If not for the work of his half cousin Francis Galton, Charles Darwin's evolutionary theory might have met a somewhat different fate. In particular, with no direct evidence of natural selection and no convincing theory of heredity to explain it, Darwin needed a mathematical explanation of variability and heredity. Galton's work in biometry—the application of statistical methods to the biological sciences—laid the foundations for precisely that. This book offers readers a compelling portrait of Galton as the "father of biometry," tracing the development of his ideas and his accomplishments, and placing them in their scientific context. Though Michael Bulmer introduces readers to the curious facts of Galton's life—as an explorer, as a polymath and member of the Victorian intellectual aristocracy, and as a proponent of eugenics—his chief concern is with Galton's pioneering studies of heredity, in the course of which he invented the statistical tools of regression and correlation. Bulmer describes Galton's early ambitions and experiments—his investigations of problems of evolutionary importance (such as the evolution of gregariousness and the function of sex), and his movement from the development of a physiological theory to a purely statistical theory of heredity, based on the properties of the normal distribution. This work, culminating in the law of ancestral heredity, also put Galton at the heart of the bitter conflict between the "ancestrians" and the "Mendelians" after the rediscovery of Mendelism in 1900. A graceful writer and an expert biometrician, Bulmer details the eventual triumph of biometrical methods in the history of quantitative genetics based on Mendelian principles, which underpins our understanding of evolution today.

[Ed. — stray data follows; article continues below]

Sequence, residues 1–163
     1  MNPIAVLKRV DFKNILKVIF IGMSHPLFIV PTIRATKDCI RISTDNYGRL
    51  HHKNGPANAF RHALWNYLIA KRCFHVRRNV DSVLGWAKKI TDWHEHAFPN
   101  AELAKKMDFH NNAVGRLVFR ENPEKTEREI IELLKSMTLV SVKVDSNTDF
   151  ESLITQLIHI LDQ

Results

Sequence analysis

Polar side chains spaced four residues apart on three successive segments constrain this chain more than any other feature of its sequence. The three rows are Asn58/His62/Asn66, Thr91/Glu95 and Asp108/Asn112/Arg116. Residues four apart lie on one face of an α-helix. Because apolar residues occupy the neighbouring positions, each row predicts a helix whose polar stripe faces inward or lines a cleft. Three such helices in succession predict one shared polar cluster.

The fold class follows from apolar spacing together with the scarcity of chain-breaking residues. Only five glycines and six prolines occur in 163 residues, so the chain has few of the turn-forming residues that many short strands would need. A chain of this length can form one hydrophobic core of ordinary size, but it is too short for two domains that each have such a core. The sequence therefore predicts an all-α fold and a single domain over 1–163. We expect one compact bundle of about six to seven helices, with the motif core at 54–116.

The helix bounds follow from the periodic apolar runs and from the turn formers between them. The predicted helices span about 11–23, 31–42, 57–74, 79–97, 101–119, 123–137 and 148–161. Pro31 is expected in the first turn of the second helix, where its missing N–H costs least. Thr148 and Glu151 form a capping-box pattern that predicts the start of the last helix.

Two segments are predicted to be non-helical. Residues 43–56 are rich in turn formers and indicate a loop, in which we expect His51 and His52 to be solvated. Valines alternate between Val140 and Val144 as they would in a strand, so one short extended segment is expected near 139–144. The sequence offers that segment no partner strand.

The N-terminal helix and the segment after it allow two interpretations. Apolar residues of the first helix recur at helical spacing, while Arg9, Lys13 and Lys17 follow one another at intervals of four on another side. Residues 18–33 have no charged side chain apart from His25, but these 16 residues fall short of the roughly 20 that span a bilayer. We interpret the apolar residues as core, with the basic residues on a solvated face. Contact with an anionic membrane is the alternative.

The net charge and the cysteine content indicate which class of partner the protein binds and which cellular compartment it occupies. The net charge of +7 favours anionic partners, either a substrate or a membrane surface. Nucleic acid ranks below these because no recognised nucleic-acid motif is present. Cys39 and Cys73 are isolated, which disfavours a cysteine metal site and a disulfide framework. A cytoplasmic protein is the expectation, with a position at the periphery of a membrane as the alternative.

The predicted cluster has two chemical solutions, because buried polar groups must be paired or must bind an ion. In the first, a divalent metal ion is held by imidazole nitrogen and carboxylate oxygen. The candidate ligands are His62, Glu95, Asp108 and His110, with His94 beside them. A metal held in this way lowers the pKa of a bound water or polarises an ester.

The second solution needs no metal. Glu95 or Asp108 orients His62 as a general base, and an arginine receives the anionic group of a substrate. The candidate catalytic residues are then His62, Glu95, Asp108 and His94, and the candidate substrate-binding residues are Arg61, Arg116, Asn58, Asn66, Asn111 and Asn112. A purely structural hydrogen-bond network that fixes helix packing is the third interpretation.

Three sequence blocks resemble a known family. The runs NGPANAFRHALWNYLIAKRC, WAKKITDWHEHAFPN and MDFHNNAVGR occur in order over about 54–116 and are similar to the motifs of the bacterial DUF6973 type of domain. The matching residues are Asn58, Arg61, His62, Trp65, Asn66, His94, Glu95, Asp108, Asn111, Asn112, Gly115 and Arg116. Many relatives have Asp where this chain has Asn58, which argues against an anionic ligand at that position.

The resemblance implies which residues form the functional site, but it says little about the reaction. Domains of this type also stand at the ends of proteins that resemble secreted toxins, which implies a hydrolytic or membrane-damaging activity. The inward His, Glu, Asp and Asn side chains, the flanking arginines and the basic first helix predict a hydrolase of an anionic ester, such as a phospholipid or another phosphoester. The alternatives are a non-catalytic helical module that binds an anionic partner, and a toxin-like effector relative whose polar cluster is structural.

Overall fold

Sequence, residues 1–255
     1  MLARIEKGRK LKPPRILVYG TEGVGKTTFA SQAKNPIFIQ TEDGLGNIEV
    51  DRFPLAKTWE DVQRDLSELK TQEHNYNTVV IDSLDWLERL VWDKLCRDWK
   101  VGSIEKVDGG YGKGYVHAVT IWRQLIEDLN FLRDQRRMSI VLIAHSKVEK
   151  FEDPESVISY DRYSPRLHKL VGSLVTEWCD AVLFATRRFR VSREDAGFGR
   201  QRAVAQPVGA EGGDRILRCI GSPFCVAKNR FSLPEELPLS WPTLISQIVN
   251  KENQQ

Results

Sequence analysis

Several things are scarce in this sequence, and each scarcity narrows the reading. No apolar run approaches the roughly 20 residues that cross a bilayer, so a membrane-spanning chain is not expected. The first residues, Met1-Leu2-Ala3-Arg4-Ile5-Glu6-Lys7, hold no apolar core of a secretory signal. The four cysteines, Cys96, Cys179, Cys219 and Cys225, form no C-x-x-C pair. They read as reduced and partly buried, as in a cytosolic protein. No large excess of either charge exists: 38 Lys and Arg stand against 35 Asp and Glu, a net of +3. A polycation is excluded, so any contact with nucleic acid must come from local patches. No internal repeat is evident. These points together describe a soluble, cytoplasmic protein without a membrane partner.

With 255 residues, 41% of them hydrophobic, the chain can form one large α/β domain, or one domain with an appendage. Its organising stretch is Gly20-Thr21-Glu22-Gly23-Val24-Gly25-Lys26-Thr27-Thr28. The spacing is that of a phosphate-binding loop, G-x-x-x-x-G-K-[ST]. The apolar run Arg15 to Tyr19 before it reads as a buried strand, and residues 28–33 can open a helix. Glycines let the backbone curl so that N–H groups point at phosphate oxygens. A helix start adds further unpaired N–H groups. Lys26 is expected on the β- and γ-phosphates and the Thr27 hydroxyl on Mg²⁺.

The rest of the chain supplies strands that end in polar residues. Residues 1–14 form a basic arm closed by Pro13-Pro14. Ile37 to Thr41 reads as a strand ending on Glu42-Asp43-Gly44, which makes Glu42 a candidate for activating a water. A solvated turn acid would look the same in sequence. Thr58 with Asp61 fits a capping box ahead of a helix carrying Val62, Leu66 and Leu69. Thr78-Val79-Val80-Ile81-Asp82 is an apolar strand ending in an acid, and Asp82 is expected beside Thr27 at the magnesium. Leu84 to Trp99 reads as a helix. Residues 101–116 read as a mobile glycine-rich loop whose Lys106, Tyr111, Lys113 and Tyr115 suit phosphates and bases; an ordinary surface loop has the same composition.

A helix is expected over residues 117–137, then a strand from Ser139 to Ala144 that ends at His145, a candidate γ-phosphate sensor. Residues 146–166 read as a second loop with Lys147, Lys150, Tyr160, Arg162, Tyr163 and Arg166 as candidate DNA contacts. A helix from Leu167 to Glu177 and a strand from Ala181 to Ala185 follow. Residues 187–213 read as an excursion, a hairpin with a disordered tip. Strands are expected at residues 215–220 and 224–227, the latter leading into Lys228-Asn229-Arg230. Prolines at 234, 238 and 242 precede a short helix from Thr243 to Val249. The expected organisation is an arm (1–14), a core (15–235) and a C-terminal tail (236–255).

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Freshwater Fishes of North America

Volume 1: Petromyzontidae to Catostomidae

edited by Melvin L. Warren, Jr., and Brooks M. Burr illustrated by Joseph R. Tomelleri

Widely anticipated, this three-volume work is the result of decades of analysis and synthesis by leading fish experts from a variety of universities and research laboratories. Each volume covers the ecology, morphology, reproduction, distribution, behavior, taxonomy, conservation, and the fossil record of specific North American fish families. The encyclopedic reviews of each fish family are accompanied by artwork created by noted fish illustrator Joseph R. Tomelleri as well as color photographs and maps. The result is a rich textual and visual experience. Volume One covers North American fish assemblages, reproductive behavior, and the following families of fishes: Petromyzontidae (Lampreys) Dasyatidae (Whiptail Stingrays) Acipenseridae (Sturgeons) Polyodontidae (Paddlefishes) Lepisosteidae (Gars) Amiidae (Bowfins) Hiodontidae (Mooneyes) Anguillidae (Freshwater Eels) Engraulidae (Anchovies) Cyprinidae (Carps and Minnows) Catostomidae (Suckers) The chapter authors included in Volume 1 are: William E. Bemis Micah G. Bennett Michael D. Burns Brooks M. Burr Anthony L. Echelle Nicholas J. Gidmark Carter R. Gilbert Howard S. Gill Lance Grande Alex Haro Phillip M. Harris Eric J. Hilton Lisa J. Hopman Gregory Hubbard Bernard R. Kuhajda William J. Matthews Deborah A. McLennan Ian C. Potter Claude B. Renaud Stephen T. Ross Michael Sandel Andrew M. Simons Melvin L. Warren, Jr. Certain to stand among the reference books of choice for anyone interested in the continent’s aquatic ecosystems, Freshwater Fishes of North America will answer the questions you have about our diverse, yet too often imperiled, fish fauna.

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Freshwater Mussel Ecology

A Multifactor Approach to Distribution and Abundance

David L. Strayer